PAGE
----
Shane Price, City Council, Place 1

Shane Price, City Council, Place 1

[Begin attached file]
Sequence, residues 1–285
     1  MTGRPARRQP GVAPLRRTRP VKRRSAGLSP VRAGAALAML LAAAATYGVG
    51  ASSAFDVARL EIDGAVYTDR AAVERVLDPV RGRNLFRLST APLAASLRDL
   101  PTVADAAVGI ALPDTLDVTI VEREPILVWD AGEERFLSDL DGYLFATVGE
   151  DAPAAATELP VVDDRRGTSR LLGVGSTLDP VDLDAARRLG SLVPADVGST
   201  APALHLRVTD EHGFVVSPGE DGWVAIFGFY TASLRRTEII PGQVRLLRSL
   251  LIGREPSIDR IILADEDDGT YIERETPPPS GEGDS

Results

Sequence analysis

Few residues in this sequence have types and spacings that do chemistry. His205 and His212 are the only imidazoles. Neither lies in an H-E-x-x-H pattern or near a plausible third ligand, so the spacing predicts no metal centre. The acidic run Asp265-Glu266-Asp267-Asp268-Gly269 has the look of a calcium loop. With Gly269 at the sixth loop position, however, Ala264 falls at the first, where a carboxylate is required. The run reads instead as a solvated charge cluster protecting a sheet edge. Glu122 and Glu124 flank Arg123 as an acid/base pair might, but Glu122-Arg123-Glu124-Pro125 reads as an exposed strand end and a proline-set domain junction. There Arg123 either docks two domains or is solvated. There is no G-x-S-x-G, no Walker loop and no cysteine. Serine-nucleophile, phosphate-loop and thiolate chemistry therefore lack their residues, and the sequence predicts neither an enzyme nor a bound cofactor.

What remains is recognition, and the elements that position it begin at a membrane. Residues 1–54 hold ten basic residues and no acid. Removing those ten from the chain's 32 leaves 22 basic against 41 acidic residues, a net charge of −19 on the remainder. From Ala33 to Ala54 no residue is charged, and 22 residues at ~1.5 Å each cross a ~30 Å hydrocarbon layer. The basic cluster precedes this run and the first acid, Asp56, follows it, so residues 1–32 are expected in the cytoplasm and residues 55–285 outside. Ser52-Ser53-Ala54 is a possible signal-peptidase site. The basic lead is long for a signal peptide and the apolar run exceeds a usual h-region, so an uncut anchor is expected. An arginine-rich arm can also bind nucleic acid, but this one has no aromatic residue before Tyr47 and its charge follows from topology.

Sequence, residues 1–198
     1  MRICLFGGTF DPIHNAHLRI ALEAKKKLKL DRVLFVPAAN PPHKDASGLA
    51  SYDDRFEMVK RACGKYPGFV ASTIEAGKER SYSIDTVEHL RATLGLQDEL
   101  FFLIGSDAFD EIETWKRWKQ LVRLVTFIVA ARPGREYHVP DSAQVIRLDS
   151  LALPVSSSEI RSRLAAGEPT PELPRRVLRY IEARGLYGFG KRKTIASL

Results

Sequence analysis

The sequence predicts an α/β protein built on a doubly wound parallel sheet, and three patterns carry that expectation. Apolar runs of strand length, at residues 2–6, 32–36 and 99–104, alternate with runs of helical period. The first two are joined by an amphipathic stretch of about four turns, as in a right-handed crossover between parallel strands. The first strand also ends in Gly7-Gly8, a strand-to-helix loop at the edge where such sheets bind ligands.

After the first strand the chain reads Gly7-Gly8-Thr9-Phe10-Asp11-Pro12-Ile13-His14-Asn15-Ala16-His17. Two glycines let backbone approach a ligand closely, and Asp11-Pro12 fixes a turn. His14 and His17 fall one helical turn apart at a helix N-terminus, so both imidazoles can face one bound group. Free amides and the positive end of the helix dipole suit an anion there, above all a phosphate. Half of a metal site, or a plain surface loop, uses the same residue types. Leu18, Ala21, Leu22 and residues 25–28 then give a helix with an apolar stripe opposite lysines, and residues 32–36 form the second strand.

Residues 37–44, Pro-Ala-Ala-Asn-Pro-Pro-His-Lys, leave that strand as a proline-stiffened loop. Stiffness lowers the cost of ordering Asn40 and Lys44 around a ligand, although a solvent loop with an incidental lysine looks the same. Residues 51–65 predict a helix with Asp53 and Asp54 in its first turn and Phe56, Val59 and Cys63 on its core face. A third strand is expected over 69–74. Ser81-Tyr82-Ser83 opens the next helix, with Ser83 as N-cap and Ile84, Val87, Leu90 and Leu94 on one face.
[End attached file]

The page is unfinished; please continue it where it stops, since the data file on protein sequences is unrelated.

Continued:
What do you feel like is your greatest accomplishment as a public servant? This is a difficult question. Obviously, you don’t have to be an elected official to be a public servant. Reflecting on my time in the US Army Reserves, I did a lot. I think my greatest “accomplishment” was having a positive impact on other soldiers as an instructor. {{more}}While the Boy Scouts of America is a private organization, it is open to the “public” in the sense that anyone can be a part of the organization. I think my most important “accomplishment” with them was simply spending time as a positive role model for my sons and other young men that were participating in Scouts with my sons. Similarly, I see my role as a Christian is one of service. I’ve enjoyed being a “Sunday School” classroom teacher for the past 20 years and see kids more firmly grounded in Scripture at the end of the year as an important “accomplishment”. Finally, during my tenure on the City Council, I count my efforts to improve open, honest, and respectful communication between groups as an important accomplishment.What do you feel like is the greatest challenge facing the city of Abilene, and what would you do to solve it? The City of Abilene faces various challenges. The problem with trying to put a pin in any one as “the greatest” and solving it first is you may cause more overall harm than good. Two of the three primary water reservoirs are close to capacity while the third is still almost 39 feet below the spillway. While our water supply isn’t critical now, we need to continue working towards sustainable long-term water supplies including the new Cedar Ridge Reservoir. We have been making progress in addressing the condition of some of the larger streets in Abilene since the 2015 bond was approved. However, we know there is a much larger need than what the bond will fix. In addition, we have other infrastructure needs that have been deferred. The rec. centers are old and need to be revitalized. The Convention Center has millions of dollars in improvements that have been identified. In the past few months, we’ve had ribbon cuttings at three new fire stations. The remaining five fire stations need to be maintained. The current Law Enforcement Center we share with the Taylor County Sheriff’s office is not large enough to house our officers as well as all the paperwork and evidence that we are required to store. The city is seeing a lot of growth to the south and the northeast. Growth is good, but our current growth allows areas in established areas of town to stagnate. These areas already have supporting infrastructure in place, such as water, sewer, refuse collection, police and fire service. We may soon have to look at extra fire protection service to support these high growth areas. Finally, we’ve incurred debt from our drought relief efforts and bond elections. That’s a good sampling of some challenges. Now, what should we do? I believe we need to continue pursuing the new Cedar Ridge reservoir. The Street Maintenance Fee is a way we can increase revenue specifically dedicated to street maintenance. However, the proposed fee would represent essentially the largest tax increase the City Council has ever approved. That is why I would not vote for it without first sending it before the voters as a referendum. In addition to selecting representatives for the Abilene City Council and members of the Abilene ISD school board of trustees, the voters will have the opportunity on Saturday, May 5th to tell the CityCouncil “Yes” or “No” on whether to adopt this fee. To start addressing the deferred maintenance concern with facilities, the City Council adopted a budget last summer that included an increase specifically targeted at meeting needs in the Convention Center. We also approved work towards renovating the former K-Mart building as a new municipal building that will host the Abilene Police Department, Abilene Municipal Court, and Water Utilities offices. To address service needs related to growth, I’d like us to look at possibly leveraging existing facilities. Fire Station #8 has an extra bay that is being used to store an apparatus that is infrequently used. We may be able to add a second active unit to that station with the addition of extra sleeping quarters and add a needed industrial washing machine there for cleaning hazardous material from fire uniforms like the three new stations have. Similarly, we have the existing fire training facility on East Lake Rd. that may work as location for a new station to serve the area along Hwy 351 as well as the east side of Lake Fort Phantom. Finally, debt can be useful when it is used responsibly. We need to be vigilant in making sure we don’t abuse it or let it get out of hand.Sometimes the citizens have a cynical attitude when it comes to elected officials. The attitude is a we versus them attitude. What are you doing or what will you do to foster an environment where every citizen feels important?Mayor Williams talks about the importance of making sure everyone has a place at the table. Shortly after his election, we changed our meeting schedule to have one of our two regular meetings each month held in the evening. During a discussion last month, we affirmed our desire to continue holding one of our regular meetings in the evening and one in the morning to accommodate as many people as possible. Some citizens have schedules that make it easier to attend a morning meeting while others can only attend evening meetings. We also decided to add the “open mic” session to our regular meetings. That way members of the public have an opportunity at any regular meeting to share their concerns with the City Council. While we have limitations on us in responding to issues that are not posted as part of the agenda, every citizen has an opportunity to be heard. The “us” versus “them” clash is deepest when the decision makers won’t listen to the people impacted by their decisions. I hope we can reduce this feeling of conflict by doing all we can to help the mayor invite everyone to the table.How do you believe the citizens of Abilene can help make this a better community?Every one of us can help. West Texas is a windy place. If people will bag their trash and pick up trash from their yard, together we can reduce how much trash we see around town. There are people all around us that could use a little help. For those of us that are physically able, we can help a neighbor with something simple like mowing their yard, fixing their fence, or painting their house. For those of us with limited physical abilities, we can call and provide encouragement and connection. If you don’t know where to start, check with your church. They can either connect you with someone or help you connect with a local group that needs your help.What makes you uniquely qualified to serve on the City Council?I wouldn’t describe myself as “uniquely qualified” to serve. There are many that love Abilene and could serve well. I have different strengths, weaknesses, and interests than the other members of the Abilene City Council, and I enjoy serving as part of the team. The challenge most people face when considering whether or not to run for local office is being able to devote the necessary time to this responsibility. At $1 per year, this is not a full time job. However, members of the City Council must not only allocate time for the actual meeting, but also spend time reading the packets before meetings, researching questions that come up that the City Council has to consider, and actively engaging the public to help the average citizen stay connected to the process of decision-making here in Abilene. I’m blessed to work for someone that allows me enough flexibility in my schedule to do both my “real job” and take care of my responsibilities as an elected official.*According to a poll conducted by The Associated Press – NORC Center for Public Affairs research, they found that more than 8 in 10 Americans favor a federal law preventing mentally ill people from purchasing guns, along with a federal law expanding background check requirements to include gun shows and private sales. How would you feel, if that was implemented in Abilene and Taylor County?First, this isn’t something that would be decided by the Abilene City Council. The proposal does concern me because the definition of “mentally ill” is too easily changed, and a label, once applied to a person, can be difficult to remove.It appears that we will probably have a large number of young voters engaged in the political process. Do you have a message for them?Whether young or old, I have a similar message. Please do get involved and stay engaged. We live in a democratic republic, meaning decisions are made by representatives that have been democratically elected. From the City Council and School Board and up, we need to pay attention to what our representatives support and oppose on our behalf. If you disagree, please take time to share your concerns. If a current officeholder’s beliefs aren’t in line with your own, consider running for that seat yourself, or finding a candidate you are more closely aligned with and support his or her run for that office.Do you believe that a person’s character is important in holding elected office? If you do please list one character trait one should have and state why you believe it?Good character is important for everyone, but especially important for someone entrusted to act in your stead, like elected officials are. The most important to me is honesty. When I am considering a candidate, if I can’t trust his or her answer, nothing he or she says matters because I don’t know whether or not to believe what is being said.We have seen campaigns where individuals have been extremely mean to each other. Could you pay your opponent one compliment?I’ve not had the pleasure of meeting my opponent. However, I have read that he is a nurse. I respect anyone that is willing to dedicate their career to helping people that are struggling with health issues/concerns. I appreciate his willingness to serve in such a noble profession.If you could have dinner with anyone from the past or currently living, who would it be and why?I would love to have the opportunity to have dinner again with my grandparents. They all left a unique imprint on me, and I would like to be able to thank them again for how much they mean to me.Tell us a little about your family, hobbies, etc.I’m a native Abilenian. I spent nine years in the US Army Reserves and was a First Lieutenant when I left the service. My wife’s father was in the oil business, so they moved around a lot. We met when she moved to Abilene to attend ACU. We’ve been married for over 28 years, and we have four children. She currently works for ACU. Our oldest is married and in the US Air Force, currently stationed in Wichita, KS. His wife is a nurse serving at a hospital there in Wichita, KS. Our second son graduated from ACU this past December and is working here in Abilene. Our third is a Junior at ACU studying Engineering. Our youngest is a Freshman at ACU and also studying Engineering. All three of our sons are Eagle Scouts. We attend Hillcrest Church of Christ where I serve as a deacon and have taught 4th or 5th grade since joining. I also currently serve as the VP of District Operations for the Texas Trails Council, Boy Scouts of America. Finally, I have been a member of the Abilene City Council since May, 2009.